Monday, May 03, 2021

Researching Aboriginal Family History


Tracing Aboriginal and Torres Strait Islander family histories poses a unique set of challenges. 

YPRL is proud to be a partner in the presentation of a  half-day webinar to assist people wanting to research their Aboriginal Family History. Join Jenny Bates (Koorie Heritage Trust), Maxine Briggs (Koorie Heritage Unit at State Library Victoria) and Tsari Anderson (Koorie Records Unit at Public Records Office Victoria and National Archives of Australia) to discover their tips and tricks.

Topics will include: how to get started, staying organised, an overview of useful records available, ideas for researching names and places, and how to access conditions of records.

The session will be hosted by Peter Webster from Kirrip  Aboriginal Corporation, Melton. 

The online session will be held Monday 17 May 2021, 9.30am - 12.30pm

Bookings are essential.  A meeting link will be emailed to you prior to the session.

Co-presented by Darebin Library Service, Eastern Regional Libraries, Goldfields Libraries Corporation, Melton City Libraries, Mildura Library Service, Moonee Valley Libraries, Wyndham City Library Service, Yarra Libraries and Yarra Plenty Regional Library.

Recommended Resources

Koorie Heritage Trust Koorie Family History Service

SLV Aboriginal people and family history research guide

PROV Aboriginal Victorian Family History

AIATSIS Family History

Recommended Reading


Black, white and exempt: Aboriginal and Torres Strait Islander lives under exemption
, 2021

New publication of emotional personal stories of people who used their resourcefulness to seek exemption to obtain freedom from hardship and oppressive regulation of their lives as Aboriginal Australians.


Lowitja: the authorised biography of Lowitja O'Donoghue
by Stuart Rintoul, 2020

The moving biography of a great Australian who, against the greatest of odds, became one of Australia's most respected and recognisable Indigenous leaders.


Our mob served: Aboriginal and Torres Strait Islander histories of war and defending Australia
, 2019

Presents a moving and little-known history of Aboriginal and Torres Strait Islander war time and defence service, told through the vivid oral histories and treasured family images of Aboriginal and Torres Strait Islander people.


Aboriginal people and Australian football in the nineteenth century: they did not come from nowhere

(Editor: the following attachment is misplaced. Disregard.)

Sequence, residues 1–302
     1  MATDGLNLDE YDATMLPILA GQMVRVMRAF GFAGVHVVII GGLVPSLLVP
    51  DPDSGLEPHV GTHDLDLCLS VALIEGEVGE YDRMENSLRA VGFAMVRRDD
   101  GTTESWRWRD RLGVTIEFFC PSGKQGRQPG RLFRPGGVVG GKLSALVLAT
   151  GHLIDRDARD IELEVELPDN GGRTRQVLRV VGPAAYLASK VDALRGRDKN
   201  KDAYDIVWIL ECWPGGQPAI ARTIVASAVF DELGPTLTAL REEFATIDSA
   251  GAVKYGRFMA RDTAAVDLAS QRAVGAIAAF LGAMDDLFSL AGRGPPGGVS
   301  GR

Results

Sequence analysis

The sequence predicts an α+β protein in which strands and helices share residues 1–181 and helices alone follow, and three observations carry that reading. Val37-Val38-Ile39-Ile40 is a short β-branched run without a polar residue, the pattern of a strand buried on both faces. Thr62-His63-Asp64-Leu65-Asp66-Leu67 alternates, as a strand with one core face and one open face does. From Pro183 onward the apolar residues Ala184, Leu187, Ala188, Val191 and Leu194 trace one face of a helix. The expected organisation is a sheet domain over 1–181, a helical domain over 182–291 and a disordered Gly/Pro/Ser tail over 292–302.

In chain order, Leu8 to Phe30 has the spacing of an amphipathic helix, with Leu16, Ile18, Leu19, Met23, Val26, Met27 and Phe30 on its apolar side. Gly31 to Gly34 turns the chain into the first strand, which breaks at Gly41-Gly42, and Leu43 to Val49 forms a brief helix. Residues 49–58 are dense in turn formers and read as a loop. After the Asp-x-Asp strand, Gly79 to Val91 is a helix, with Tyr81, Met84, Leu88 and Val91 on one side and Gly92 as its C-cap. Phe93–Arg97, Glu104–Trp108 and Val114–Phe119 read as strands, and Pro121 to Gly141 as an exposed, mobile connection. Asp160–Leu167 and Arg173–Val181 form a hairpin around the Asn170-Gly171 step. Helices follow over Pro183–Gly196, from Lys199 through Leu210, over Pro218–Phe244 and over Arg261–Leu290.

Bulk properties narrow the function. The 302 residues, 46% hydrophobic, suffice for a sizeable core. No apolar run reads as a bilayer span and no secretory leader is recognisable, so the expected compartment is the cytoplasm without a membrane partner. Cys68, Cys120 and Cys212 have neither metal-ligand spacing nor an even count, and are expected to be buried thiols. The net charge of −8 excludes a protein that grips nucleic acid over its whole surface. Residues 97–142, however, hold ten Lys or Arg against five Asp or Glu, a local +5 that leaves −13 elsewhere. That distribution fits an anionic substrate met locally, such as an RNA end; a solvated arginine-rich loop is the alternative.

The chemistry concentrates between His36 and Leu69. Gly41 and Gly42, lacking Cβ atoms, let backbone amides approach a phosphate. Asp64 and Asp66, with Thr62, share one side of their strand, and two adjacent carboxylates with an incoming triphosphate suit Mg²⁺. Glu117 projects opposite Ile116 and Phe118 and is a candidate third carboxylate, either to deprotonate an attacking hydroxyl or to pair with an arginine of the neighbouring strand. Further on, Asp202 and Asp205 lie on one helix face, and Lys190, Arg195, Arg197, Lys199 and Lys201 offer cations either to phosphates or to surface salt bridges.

by Roy Hay, 2019

Aboriginal men learned the game and brought their own unique skills to it, winning local leagues and earning the respect of their contemporaries. But they were, for a long time prevented from reaching the higher levels of the game until late in the twentieth century.

Join us on Monday 17 May 2021, 9.30am - 12.30pm to learn more about Researching Aboriginal Family History.

Bookings are essential. A meeting link will be emailed to you prior to the session.


    Thursday, March 18, 2021

    International Women's Day: Tracing Female Lines

     


    YPRL is celebrating International Women’s Day all week. This year’s theme is Choose to Challenge

    Today’s spotlight is to encourage the family historians among us to uncover the stories of our female ancestors.

    As always follow or review the beginners’ steps

    summarize known names, dates and relationships and family traditions. 

    Gather records and memorabilia from around the house. Are their family heirlooms such as jewellery, crockery, a vase that has been kept through the generations?  Is there an old quilt or sampler? Needlework was customarily taught to girls at schools.

    Pull out your photos, identify them, analyse them, what story can they tell you, examine the setting and background information.  Is there a Family Bible? Are there letters and diaries?

    Gather oral history, ask open ended questions. Verify family stories through civil registration records and find married names.  Consider that your ancestor may have married more than once.

    The opposite challenge may be to determine a married name.  Look for death notices, obituaries and wills for the father.  The married daughter may be mentioned.

    Consider the use of naming patterns. 

    Names can be anglicised, shortened, and spelt in numerous ways. Early day clerks made many errors with foreign names and they had problems with different accents. Not all our ancestors could read and write. Not all of them could write their own name.  Christian names were often interchangeable, like Anna and Hannah.

    Research the immediate family – brothers and sisters and issues of your female ancestor.  Find your relative in school records 

    Check the witnesses for baptisms and weddings – your female relative may have been one.

    Search for your first record in the country (a death certificate will indicate how long in the colony).  Perhaps your ancestor came out on a woman only emigration scheme.

    Orphan girls who were part of the Earl Grey emigration scheme to Australia between 1848 and 1850.

    There are a couple of projects devoted to female convicts including the Parramatta FemaleFactory

    Hunt forheadstones. Epitaphs may reveal a wide range of details about an ancestor’s life.

    Search Tips

    Search everywhere! Both online and offline.  Search broadly, then narrow down, search in non-traditional resources such as the local history catalogue for the public library where your ancestor lived, hospital records or even prison records.

    If you can, do not include the surname in your search, instead use other identifying information such as birth or death date or relationships.  This trick works well if you have an uncommon first name.

    Be mindful of your spelling. Some names may have been abbreviated e g. Marg’t for Margaret.